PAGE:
For example, the use of the camp-meeting setting and revival meetings rehearsed a particular narrative with an invitation to respond. People often responded with the practice of “going forward to kneel at an altar.”

Together the narrative and practice shaped a particular kind of Christian disciples. The practice of giving public witness to God’s transforming grace is another example. Listeners were invited to consider the narrative of God being played out in the individual’s life as to both its credibility and transformative power. Responses of “Amen” as well as the offering of prayers for one another became the congregation’s shared practices.

Through the means of such experiences, God’s redemptive work was affirmed. The way the people recounted God’s activity and how they lived out God’s Story in their shared life exhibited their particular way of theologizing. Even today congregations live out their testimonies and practices of faith in specific ways. These narratives and the practices offer a vision of how God’s people are to live an alternate new way of being in the world. The question remains . . . are we nurturing Christlike disciples in the nations?

A Sample Assessment Strategy

Too much is at stake for us to be timid in this project. In fact, our attention for the next few years will focus upon that question . . . are we nurturing Christlike disciples in the nations? It is critical to nurture safe space for honest, frank conversations. Below is series of open-ended questions to begin a quick and easy way to study our practice of Christian discipleship:

1. Identify Christian practices being utilized for the formation of the holy People of God.

How is the reading and study of Scripture a practice deeply shaping our lives?

In what ways do we practice service of neighbor and hospitality as a way of life?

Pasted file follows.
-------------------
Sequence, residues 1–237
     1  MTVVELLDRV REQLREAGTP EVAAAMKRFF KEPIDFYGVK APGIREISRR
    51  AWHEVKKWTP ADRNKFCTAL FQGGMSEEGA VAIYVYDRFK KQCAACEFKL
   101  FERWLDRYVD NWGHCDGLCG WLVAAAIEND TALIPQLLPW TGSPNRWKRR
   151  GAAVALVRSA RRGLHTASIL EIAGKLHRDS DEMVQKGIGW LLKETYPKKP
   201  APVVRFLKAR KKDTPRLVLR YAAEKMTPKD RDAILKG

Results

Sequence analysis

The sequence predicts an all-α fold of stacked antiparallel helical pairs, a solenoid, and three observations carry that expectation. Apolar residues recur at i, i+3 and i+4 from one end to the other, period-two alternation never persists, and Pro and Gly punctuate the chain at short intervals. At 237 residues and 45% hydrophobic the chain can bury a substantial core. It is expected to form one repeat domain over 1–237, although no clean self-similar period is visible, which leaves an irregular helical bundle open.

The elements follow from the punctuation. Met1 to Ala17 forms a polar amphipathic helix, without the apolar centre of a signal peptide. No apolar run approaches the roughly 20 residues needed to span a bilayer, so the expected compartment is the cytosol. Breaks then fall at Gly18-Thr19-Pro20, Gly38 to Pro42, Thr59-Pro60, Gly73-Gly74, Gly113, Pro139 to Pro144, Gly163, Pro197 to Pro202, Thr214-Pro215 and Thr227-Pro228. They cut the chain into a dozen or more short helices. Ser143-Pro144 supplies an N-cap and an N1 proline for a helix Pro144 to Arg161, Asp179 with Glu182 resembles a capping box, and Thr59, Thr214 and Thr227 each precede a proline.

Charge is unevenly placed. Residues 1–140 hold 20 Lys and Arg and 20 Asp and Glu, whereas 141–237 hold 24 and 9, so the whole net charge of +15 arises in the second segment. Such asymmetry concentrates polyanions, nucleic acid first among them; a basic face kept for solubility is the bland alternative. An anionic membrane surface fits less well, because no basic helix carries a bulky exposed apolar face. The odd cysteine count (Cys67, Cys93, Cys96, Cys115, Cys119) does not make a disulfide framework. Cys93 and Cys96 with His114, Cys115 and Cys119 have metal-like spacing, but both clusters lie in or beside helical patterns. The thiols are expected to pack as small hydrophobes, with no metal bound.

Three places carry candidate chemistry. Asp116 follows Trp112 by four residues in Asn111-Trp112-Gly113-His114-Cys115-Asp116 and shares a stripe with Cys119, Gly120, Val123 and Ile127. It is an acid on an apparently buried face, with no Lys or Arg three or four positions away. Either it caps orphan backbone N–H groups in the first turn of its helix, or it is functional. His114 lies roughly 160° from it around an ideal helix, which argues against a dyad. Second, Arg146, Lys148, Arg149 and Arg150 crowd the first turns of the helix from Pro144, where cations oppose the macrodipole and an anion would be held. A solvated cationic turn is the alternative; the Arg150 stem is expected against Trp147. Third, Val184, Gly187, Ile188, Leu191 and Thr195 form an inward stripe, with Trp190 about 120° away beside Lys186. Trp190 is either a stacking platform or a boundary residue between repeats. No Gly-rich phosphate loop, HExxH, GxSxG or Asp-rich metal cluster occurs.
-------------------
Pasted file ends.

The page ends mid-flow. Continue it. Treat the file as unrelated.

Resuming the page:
In what ways does the practice of prayer punctuate our shared life?

In what ways do we share generously with one another and contribute to God’s mission in the world?

2. Listen for stories of faith which conjure a way of being for the People of God.

How is the Christian narrative formative for us?
How are testimonies of God’s grace shared for the congregation’s edification?

3. Observe the rhythm of the congregation’s life.

Where and when do we meet together regularly?

What do we do and say when we’re together?

How do we interact with one another and with guests among us?

Are we loving? Patient? Hospitable? Gentle in speech?

Are we helpful to one another?

Do we share our resources with one another?

Asking the Right Question Regularly 

Are we nurturing or shaping Christlike disciples? is the question we must ask regularly. I’ll be the first to acknowledge the difficulty to measure one’s “Christlikeness” in quantitative categories. Yet, our failure to ask the question may only result in nurturing malformed disciples. The quest to make Christlike disciples is not only important to our families, churches, and communities, but it is also what makes us salt and light in a hopeless world.